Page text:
AFT - American Federation of Teachers

Shortcut Navigation:
Email ShareThis

Advanced Practice Registered Nurses

The Issue

A range of factors—including a rapidly aging population with multiple health needs; provisions in the Affordable Care Act that focus on the importance of close monitoring of those with chronic illnesses and the prevention of hospitalization; and the addition of 30 million newly insured people into the healthcare system—are driving a need for primary care providers (PCPs). The current gap in PCPs is 15,000; the number is expected to triple to 45,000 in the next seven years.

Many of the ongoing health needs of persons across the age spectrum, from birth to death, can be met by advanced practice registered nurses (APRNs). There are currently over 267,000 advanced practice registered nurses in the U.S. APRNs are registered nurses with graduate level education or certificate, extensive specialized knowledge and training, and certification following rigorous national testing. There are four APRN roles:

  • certified registered nurse anesthetist (CRNA)
  • certified nurse-midwife (CNM)
  • clinical nurse specialist (CNS)
  • certified nurse practitioner (CNP)

Unfortunately, many physicians and the groups representing them are opposed to an expanded role for APRNs and are working at the local, state and national levels to discredit their competency and to oppose their competition. Interestingly, research has shown that patient outcomes for those receiving care from APRNs are comparable to the outcomes of those who see physicians. Additionally, patients report that APRNs are better communicators and better educators than their physician counterparts.

As a strategy to mitigate questions about the role and preparation of APRNs, the National Council of State Boards of Nursing and the nursing community as a whole has come together and developed a Consensus Model for APRN Regulation to standardize licensure, accreditation, certification and education. The Consensus Model provides guidance for states to adopt uniformity in the regulation of APRN roles. The target date to complete that work is 2015. Today, many states have adopted portions of the Model elements but there still may be variation from state to state.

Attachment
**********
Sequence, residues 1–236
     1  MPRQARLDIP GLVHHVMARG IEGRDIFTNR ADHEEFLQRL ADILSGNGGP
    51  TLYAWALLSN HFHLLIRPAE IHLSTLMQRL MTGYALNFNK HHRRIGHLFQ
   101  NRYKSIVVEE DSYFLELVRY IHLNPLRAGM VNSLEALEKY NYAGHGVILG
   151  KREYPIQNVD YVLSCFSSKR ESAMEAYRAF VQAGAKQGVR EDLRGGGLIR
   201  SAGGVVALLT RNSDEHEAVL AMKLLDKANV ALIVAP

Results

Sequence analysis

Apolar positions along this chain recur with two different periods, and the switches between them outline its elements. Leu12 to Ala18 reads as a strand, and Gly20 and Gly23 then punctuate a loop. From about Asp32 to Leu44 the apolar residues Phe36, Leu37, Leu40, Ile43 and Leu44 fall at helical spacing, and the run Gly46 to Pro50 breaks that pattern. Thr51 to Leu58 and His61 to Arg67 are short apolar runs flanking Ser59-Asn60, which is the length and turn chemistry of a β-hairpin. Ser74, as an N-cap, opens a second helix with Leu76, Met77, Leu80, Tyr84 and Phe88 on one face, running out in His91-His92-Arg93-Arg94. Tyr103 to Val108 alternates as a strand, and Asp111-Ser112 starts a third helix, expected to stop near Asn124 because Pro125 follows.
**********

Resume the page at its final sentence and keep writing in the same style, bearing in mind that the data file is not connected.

Evidence to support nurse practitioners: EVIDENCE TO SUPPORT NURSE PRACTITIONERS:

  • The Bipartisan Policy Center's Health Care Cost Containment Initiative recommends state reforms that strengthen the primary care workforce and make greater use of nonphysician practitioners (Daschle et al., 2013).
  • Recent analysis shows no variation in physician earnings between states that have expand­ed APRN scope-of-practice laws and states that do not (Pittman and Williams, 2012).
  • A literature review by the National Governors Association (NGA, 2012) found that APRN care is comparable to physician care on several key process and outcome measures. Also noted: APRNs provide improved access to care for the underserved.
  • Research comparing patient outcomes between care provided by physicians and APRNs gives no evidence of the need for physician oversight of APRNs (AARP Foundation, 2010).
  • A 19-year review of outcomes for women delivered by certified nurse midwives (CNMs) and physicians shows CNMs have a lower rate of Caesarean sections and complications that increase the cost of care (Newhouse et al., 2011).
  • Only 2 percent of APRNs have been named as a primary defendant in a malpractice case (AANP).
  • 97 percent of APRNs maintain national certification; 93 percent have graduate degrees (American Academy of Nurse Practitioners, 2011).
  • 88 percent of APRNs are prepared in primary care; 68 percent practice in at least one primary care site (American Academy of Nurse Practitioners,2011).
  • 87 percent of APRNs see patients covered by Medicare, and 84 percent see patients covered by Medicaid (American Academy of Nurse Practitioners,2011).


AFT ACTION:  Letter of Support to Kathleen Sebelius, Secretary, U.S. Department of Health and Human Services

RESOURCES: American Association of Nurse Practitioners (AANP), Advocacy Center.


American Academy of Nurse Practitioners. (2011). Nurse Practitioner Facts 2010-2011.

Daschle, T., Domenici, P., Frist, W. and Rivlin, A. (2013). "Prescription for Patient-Centered Care and Cost Containment." New England Journal of Medicine, 369(471-474).

Improving Access to Primary Care: The Growing Role of Advanced Practice Registered Nurses.   (2010). Washington, DC: AARP Foundation & Robert Wood Johnson Foundation's Center to Champion Nursing in America.

National Governors Association. (2012). The Role of Nurse Practitioners in Meeting Increasing Demand for Primary Care. Washington D.C.: Author.

Newhouse, R., et al. (2011). "Advanced Practice Nurse Outcomes 1990-2008: A Systematic Review." Nursing Economics, 29 (5), 230-250.

Pittman, P., and Williams, B. (2012). "Physician Wages in States with Expanded APRN Scope    of Practice." Nursing Research and Practice. 1-5.